B2B Quick Tip #11: Is there a cap on your sales reps earnings? Bad.

Sales rep compensation can be a a mine field of options and decisions.

  • Do I pay a salary and bonus or straight commission?
  • How do I set a quota for my reps? DO I set a quota?
  • If my sales reps make a lot of money, how do I keep my other employees from becoming disgruntled?

A biggie for many companies is:

  • Do I establish an earning ceiling for my reps or leave it limitless?

It seems highly risky and throw caution to the wind to NOT have a ceiling. But I would argue that there is virtually no place for a earnings ceiling for a sales position.

Good sales reps love to sell and love to make money. Therefore the most fertile ground for folks like these is a limitless one. A properly structured comp plan, that excludes an earnings ceiling, will generate maximum revenue and profit to the company. Conversely, a comp plan that has an earnings ceiling will, de facto, limit company revenues and profits.

Here’s a few pointers to be considered when developing a compensation plan that drives maximum COMPANY benefit:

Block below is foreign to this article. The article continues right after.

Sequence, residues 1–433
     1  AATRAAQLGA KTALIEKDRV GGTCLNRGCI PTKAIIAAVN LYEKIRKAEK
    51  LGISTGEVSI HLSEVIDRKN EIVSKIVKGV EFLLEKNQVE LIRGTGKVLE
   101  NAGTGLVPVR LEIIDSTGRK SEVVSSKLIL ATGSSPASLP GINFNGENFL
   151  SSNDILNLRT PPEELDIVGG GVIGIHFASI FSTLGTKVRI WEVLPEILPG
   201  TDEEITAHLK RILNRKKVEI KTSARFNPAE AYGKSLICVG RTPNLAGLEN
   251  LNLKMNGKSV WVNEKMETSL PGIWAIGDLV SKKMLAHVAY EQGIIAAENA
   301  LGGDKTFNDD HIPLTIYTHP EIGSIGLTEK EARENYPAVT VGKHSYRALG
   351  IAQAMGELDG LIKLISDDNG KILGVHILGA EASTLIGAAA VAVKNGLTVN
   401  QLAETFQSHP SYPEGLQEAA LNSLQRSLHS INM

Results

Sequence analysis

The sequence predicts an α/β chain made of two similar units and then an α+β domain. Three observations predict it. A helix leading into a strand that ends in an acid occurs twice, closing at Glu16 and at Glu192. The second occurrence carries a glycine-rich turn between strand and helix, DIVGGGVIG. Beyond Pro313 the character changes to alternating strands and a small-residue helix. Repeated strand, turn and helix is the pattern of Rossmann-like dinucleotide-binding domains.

• Establish an annual target/quota for every rep.
  • Pay a salary to a rep but they need to reach a certain level of performance before commissions kick in. Around 80% of quota.
  • Pay a commission revenues generated after that 80% is achieved.
  • Pay a higher commission after reaching 100% of quota.
  • Pay an even higher commission or bonus at incremental higher achievement levels
  • Run models of compensation at various, even extreme, levels of performance and measure that against the profitability to deliver those marginal dollars. Agree with your CFO what level of profitability needs to be met and fit the comp plan to that level.
  • Take into account any reasonable scenario that might artificially balloon a sales rep’s performance and hence their compensation. This is sometimes called the “windfall” clause. But it needs to be clearly spelled out in advance and logical to all.
  • Put it all in writing at the start of the year so reps start salivating right away.
  • Create an compensation spreadsheet so reps can plug in their own numbers so see their earnings potential. This is a powerful to motivate reps.
  • Measure and pay annually. Start over on January 1st or whenever your fiscal year starts.

One last comment: There are CEOs out there (mostly in smaller businesses) who cannot stomach the idea that a sales rep in their company could actually make more money than them. This attitude is illogical and pure ego. A properly constructed compensation plan, as described above, will always deliver a profitable achievement for the company. What more should a CEO ask for?

Thanks for reading my blog.

Vincent out!

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